[3] See Judgement, para. 1032 (referring to the broadcast of 4 June 1994 as “illustrative of the incitement engaged in by RTLM”). See also para. 483 (referring to the broadcast of 13 May 1994 and the one of 5 June 1994 as explicitly calling for extermination).

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ICTR Statute Article 2(3)(c) ICTY Statute Article 4(3)(c)
Notion(s) Filing Case
Appeal Judgement - 28.11.2007 NAHIMANA et al. (Media case)
(ICTR-99-52-A)

986. The Appeals Chamber considers that hate speech targeting a population on the basis of ethnicity, or any other discriminatory ground, violates the right to respect for the dignity[1] of the members of the targeted group as human beings,[2] and therefore constitutes “actual discrimination”. In addition, the Appeals Chamber is of the view that speech inciting to violence against a population on the basis of ethnicity, or any other discriminatory ground, violates the right to security[3] of the members of the targeted group and therefore constitutes “actual discrimination”. However, the Appeals Chamber is not satisfied that hate speech alone can amount to a violation of the rights to life, freedom and physical integrity of the human being. Thus other persons need to intervene before such violations can occur; a speech cannot, in itself, directly kill members of a group, imprison or physically injure them.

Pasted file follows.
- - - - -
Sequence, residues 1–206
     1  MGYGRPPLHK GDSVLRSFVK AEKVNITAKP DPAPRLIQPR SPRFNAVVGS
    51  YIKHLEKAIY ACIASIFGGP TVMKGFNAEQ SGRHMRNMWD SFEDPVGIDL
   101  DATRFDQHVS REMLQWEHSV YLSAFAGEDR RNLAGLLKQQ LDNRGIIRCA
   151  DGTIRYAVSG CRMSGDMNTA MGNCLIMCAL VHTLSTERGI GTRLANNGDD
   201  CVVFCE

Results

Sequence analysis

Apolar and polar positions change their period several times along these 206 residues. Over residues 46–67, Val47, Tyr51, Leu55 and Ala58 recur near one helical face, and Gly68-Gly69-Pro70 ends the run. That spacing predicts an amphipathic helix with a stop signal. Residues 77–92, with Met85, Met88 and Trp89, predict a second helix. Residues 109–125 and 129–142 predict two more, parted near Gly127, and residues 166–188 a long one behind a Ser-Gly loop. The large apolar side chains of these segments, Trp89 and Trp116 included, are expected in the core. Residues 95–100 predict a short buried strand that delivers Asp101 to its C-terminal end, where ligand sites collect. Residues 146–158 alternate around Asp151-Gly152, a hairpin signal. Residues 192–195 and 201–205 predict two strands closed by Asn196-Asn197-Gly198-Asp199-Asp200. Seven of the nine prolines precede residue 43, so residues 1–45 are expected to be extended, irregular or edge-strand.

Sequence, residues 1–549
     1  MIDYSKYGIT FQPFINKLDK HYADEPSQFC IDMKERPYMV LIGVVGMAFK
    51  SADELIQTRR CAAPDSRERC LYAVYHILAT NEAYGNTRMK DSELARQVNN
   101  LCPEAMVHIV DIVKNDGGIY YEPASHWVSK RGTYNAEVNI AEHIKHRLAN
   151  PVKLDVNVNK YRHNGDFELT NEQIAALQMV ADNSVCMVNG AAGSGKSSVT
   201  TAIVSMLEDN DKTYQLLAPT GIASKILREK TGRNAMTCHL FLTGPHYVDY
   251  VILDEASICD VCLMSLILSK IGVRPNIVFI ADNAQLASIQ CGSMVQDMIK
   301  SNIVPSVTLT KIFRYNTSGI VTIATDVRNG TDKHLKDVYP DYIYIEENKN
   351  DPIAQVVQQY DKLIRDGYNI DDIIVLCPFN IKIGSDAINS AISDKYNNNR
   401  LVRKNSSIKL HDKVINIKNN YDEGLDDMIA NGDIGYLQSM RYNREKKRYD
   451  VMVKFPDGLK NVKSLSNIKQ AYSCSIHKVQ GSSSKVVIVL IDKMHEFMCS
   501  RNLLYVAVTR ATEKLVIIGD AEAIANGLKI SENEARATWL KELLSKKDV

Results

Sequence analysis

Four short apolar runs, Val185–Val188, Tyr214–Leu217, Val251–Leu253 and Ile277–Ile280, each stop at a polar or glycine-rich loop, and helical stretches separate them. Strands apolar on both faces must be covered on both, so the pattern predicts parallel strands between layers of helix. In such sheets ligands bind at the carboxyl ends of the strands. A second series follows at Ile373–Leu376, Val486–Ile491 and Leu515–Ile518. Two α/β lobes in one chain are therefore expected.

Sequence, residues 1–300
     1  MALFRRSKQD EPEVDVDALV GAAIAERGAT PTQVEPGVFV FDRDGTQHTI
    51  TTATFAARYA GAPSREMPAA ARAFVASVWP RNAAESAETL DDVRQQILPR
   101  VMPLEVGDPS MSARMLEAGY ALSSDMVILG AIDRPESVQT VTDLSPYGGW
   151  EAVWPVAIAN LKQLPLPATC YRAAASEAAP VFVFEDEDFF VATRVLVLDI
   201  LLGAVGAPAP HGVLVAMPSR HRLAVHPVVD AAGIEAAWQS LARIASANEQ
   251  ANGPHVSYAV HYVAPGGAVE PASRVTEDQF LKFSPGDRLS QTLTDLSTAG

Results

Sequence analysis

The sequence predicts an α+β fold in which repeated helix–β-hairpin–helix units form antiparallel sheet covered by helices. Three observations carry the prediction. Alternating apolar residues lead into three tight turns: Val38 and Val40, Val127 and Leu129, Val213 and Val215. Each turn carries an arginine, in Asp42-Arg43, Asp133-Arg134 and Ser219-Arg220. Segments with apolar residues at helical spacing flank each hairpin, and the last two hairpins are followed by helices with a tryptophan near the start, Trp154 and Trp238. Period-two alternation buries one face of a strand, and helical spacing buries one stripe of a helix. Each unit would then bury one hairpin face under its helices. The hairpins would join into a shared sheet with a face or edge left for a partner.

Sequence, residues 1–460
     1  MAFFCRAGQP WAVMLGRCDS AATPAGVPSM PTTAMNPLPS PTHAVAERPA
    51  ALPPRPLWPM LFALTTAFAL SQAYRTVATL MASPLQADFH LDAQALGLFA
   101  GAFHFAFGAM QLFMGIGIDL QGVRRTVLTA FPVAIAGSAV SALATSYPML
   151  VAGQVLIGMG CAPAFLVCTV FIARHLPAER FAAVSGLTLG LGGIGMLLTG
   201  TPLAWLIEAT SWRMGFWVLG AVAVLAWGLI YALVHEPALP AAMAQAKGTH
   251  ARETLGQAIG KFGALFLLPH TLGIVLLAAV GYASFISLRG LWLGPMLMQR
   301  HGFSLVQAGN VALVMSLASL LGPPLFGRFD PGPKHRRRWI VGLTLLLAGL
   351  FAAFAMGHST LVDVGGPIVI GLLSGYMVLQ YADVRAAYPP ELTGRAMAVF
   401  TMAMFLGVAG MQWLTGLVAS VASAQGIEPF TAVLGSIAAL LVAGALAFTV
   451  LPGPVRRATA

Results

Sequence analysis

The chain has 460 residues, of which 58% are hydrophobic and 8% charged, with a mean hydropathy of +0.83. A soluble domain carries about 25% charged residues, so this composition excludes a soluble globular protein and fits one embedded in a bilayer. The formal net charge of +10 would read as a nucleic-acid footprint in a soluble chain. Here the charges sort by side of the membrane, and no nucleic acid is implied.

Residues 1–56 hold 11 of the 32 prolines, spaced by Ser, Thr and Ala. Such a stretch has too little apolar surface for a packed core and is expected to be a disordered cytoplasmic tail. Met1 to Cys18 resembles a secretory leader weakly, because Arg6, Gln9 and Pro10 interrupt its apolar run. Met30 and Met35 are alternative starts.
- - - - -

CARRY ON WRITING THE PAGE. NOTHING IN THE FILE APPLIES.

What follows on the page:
987. The second question is whether the violation of fundamental rights (right to respect for human dignity, right to security) is as serious as in the case of the other crimes against humanity enumerated in Article 3 of the Statute. The Appeals Chamber is of the view that it is not necessary to decide here whether, in themselves, mere hate speeches not inciting violence against the members of a group are of a level of gravity equivalent to that for other crimes against humanity. As explained above, it is not necessary that every individual act underlying the crime of persecution should be of a gravity corresponding to other crimes against humanity: underlying acts of persecution can be considered together. It is the cumulative effect of all the underlying acts of the crime of persecution which must reach a level of gravity equivalent to that for other crimes against humanity. Furthermore, the context in which these underlying acts take place is particularly important for the purpose of  assessing their gravity.

[1] On the content of this right, see for example the Universal Declaration on Human Rights, the Preamble of which expressly refers to the recognition of dignity inherent to all human beings, while the Articles set out its various aspects.

[2] In this regard, it should be noted that, according to the Kvočka et al. Appeal Judgement (paras. 323-325), violations of human dignity (such as harassment, humiliation and psychological abuses) can, if sufficiently serious, constitute acts of persecution.

[3] On the right to security, see for example Article 3 of the Universal Declaration on Human Rights (“Everyone has the right to life, liberty and security of person”).

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ICTR Statute Article 3(h) ICTY Statute Article 5(h)